International Journal of Data Mining & Knowledge Management Process (IJDKP) Vol.3, No.6, November 2013

DRSP : DIMENSION R...
International Journal of Data Mining & Knowledge Management Process (IJDKP) Vol.3, No.6, November 2013

patterns represent...
International Journal of Data Mining & Knowledge Management Process (IJDKP) Vol.3, No.6, November 2013

C. Contribution
In...
International Journal of Data Mining & Knowledge Management Process (IJDKP) Vol.3, No.6, November 2013

Keogh et al., [9] ...
International Journal of Data Mining & Knowledge Management Process (IJDKP) Vol.3, No.6, November 2013

Data reduction and...
International Journal of Data Mining & Knowledge Management Process (IJDKP) Vol.3, No.6, November 2013

4. PROBLEM DEFINIT...
International Journal of Data Mining & Knowledge Management Process (IJDKP) Vol.3, No.6, November 2013

While comparing an...
International Journal of Data Mining & Knowledge Management Process (IJDKP) Vol.3, No.6, November 2013

Figure 2 - System ...
International Journal of Data Mining & Knowledge Management Process (IJDKP) Vol.3, No.6, November 2013

Figure 3 - Illustr...
International Journal of Data Mining & Knowledge Management Process (IJDKP) Vol.3, No.6, November 2013

where k = {1, 2, …...
International Journal of Data Mining & Knowledge Management Process (IJDKP) Vol.3, No.6, November 2013

Figure 5 - Reduced...
International Journal of Data Mining & Knowledge Management Process (IJDKP) Vol.3, No.6, November 2013

Pruning is applied...
International Journal of Data Mining & Knowledge Management Process (IJDKP) Vol.3, No.6, November 2013

7. EXPERIMENTAL RE...
International Journal of Data Mining & Knowledge Management Process (IJDKP) Vol.3, No.6, November 2013

Fig 7 - Reduced Da...
International Journal of Data Mining & Knowledge Management Process (IJDKP) Vol.3, No.6, November 2013

Figure 8 – Graph o...
International Journal of Data Mining & Knowledge Management Process (IJDKP) Vol.3, No.6, November 2013

The reduced data s...
International Journal of Data Mining & Knowledge Management Process (IJDKP) Vol.3, No.6, November 2013

The time complexit...
International Journal of Data Mining & Knowledge Management Process (IJDKP) Vol.3, No.6, November 2013

have used varied t...
International Journal of Data Mining & Knowledge Management Process (IJDKP) Vol.3, No.6, November 2013

[19] Myong K. JEON...
International Journal of Data Mining & Knowledge Management Process (IJDKP) Vol.3, No.6, November 2013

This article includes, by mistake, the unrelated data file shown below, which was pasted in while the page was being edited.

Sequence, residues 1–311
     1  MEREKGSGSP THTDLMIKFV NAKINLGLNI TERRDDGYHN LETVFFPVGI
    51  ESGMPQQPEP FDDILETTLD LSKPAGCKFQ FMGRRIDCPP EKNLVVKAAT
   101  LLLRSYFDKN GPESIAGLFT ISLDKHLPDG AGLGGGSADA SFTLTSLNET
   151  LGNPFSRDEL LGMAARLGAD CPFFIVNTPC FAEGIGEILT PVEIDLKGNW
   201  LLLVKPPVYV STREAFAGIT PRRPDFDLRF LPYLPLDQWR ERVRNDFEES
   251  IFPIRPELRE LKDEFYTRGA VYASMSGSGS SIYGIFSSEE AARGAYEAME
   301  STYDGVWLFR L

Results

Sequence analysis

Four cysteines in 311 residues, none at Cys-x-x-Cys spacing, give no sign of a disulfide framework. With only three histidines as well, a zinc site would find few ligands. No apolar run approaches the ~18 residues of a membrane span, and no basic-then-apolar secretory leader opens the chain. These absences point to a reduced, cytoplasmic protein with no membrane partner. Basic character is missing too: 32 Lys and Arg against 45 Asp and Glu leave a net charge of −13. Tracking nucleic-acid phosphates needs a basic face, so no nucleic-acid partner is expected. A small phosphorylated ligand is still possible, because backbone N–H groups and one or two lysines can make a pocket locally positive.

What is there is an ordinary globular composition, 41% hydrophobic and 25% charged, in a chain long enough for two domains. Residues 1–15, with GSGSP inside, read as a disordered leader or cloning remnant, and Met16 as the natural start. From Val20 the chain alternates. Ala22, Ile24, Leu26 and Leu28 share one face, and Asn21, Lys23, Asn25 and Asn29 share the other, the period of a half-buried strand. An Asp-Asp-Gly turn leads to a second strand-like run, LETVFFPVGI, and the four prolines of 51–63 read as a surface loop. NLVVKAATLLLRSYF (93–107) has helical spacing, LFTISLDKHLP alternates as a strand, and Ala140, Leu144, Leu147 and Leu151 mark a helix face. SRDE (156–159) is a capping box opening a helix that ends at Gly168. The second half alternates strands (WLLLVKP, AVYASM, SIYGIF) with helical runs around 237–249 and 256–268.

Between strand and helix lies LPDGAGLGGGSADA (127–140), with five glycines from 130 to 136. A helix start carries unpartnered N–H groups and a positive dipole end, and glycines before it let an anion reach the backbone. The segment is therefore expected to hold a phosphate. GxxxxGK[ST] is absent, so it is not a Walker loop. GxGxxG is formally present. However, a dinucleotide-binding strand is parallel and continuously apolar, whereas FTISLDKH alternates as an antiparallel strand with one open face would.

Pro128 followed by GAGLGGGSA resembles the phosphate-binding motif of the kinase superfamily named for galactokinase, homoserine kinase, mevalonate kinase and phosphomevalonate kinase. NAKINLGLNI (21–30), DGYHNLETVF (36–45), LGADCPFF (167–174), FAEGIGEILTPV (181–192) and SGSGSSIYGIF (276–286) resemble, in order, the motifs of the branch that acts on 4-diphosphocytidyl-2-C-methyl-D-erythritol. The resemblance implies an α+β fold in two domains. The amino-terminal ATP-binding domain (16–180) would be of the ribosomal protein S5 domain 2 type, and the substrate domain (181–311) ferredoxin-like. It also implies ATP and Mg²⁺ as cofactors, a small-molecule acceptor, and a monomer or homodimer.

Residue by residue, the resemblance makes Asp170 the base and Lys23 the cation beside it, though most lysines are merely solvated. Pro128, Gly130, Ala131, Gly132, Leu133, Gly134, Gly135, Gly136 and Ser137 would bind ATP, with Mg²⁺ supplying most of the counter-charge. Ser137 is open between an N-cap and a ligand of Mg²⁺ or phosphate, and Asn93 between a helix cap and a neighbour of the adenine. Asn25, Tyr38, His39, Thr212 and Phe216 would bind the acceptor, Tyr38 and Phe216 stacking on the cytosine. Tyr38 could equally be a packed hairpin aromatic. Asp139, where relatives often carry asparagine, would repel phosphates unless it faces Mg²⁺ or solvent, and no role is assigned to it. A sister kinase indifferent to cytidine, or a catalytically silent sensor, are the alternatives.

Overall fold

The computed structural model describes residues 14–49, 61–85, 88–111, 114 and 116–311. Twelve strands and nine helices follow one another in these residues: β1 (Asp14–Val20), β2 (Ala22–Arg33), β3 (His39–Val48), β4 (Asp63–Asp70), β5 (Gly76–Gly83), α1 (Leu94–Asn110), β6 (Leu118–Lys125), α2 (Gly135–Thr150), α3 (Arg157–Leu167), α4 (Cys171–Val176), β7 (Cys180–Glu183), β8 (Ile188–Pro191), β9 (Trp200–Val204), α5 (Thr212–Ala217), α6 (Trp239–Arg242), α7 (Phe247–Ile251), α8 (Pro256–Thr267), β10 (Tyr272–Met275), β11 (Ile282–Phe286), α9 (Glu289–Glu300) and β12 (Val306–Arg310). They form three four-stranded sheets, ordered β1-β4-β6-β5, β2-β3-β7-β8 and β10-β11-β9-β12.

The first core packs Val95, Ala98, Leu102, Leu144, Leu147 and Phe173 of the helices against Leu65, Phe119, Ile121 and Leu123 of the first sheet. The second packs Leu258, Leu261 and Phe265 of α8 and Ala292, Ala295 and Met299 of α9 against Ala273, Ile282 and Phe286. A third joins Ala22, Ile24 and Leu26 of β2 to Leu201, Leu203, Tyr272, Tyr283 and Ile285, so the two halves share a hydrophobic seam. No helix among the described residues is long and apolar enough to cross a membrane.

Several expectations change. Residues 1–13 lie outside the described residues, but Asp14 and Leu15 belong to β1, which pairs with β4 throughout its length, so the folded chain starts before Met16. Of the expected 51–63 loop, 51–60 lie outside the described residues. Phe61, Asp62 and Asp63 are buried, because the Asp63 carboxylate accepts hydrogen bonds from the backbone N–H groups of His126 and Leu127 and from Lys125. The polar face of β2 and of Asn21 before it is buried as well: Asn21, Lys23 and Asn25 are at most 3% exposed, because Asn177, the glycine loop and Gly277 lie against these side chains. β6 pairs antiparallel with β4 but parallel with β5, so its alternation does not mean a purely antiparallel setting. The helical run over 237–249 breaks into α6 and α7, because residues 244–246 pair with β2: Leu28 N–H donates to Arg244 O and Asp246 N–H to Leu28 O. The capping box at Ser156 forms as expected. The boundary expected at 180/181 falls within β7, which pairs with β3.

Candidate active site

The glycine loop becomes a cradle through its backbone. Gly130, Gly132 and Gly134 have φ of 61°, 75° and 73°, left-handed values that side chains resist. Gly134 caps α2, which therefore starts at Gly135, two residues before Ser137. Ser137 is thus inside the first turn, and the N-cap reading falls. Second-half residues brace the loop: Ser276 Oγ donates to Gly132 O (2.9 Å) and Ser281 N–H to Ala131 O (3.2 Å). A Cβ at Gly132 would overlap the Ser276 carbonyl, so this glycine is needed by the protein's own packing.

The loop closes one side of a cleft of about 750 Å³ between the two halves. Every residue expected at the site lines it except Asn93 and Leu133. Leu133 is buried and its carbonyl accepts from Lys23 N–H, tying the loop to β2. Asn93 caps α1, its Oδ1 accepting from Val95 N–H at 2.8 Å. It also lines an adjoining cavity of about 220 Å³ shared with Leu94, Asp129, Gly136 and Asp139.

L M Patnaik is cur...
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Drsp dimension reduction for similarity matching and pruning of time series data streams

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Similarity matching and join of time series data streams has gained a lot of relevance in today’s world that
has large streaming data. This process finds wide scale application in the areas of location tracking,
sensor networks, object positioning and monitoring to name a few. However, as the size of the data stream
increases, the cost involved to retain all the data in order to aid the process of similarity matching also
increases. We develop a novel framework to addresses the following objectives. Firstly, Dimension
reduction is performed in the preprocessing stage, where large stream data is segmented and reduced into
a compact representation such that it retains all the crucial information by a technique called Multi-level
Segment Means (MSM). This reduces the space complexity associated with the storage of large time-series
data streams. Secondly, it incorporates effective Similarity Matching technique to analyze if the new data
objects are symmetric to the existing data stream. And finally, the Pruning Technique that filters out the
pseudo data object pairs and join only the relevant pairs. The computational cost for MSM is O(l*ni) and
the cost for pruning is O(DRF*wsize*d), where DRF is the Dimension Reduction Factor. We have
performed exhaustive experimental trials to show that the proposed framework is both efficient and
competent in comparison with earlier works.

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Drsp dimension reduction for similarity matching and pruning of time series data streams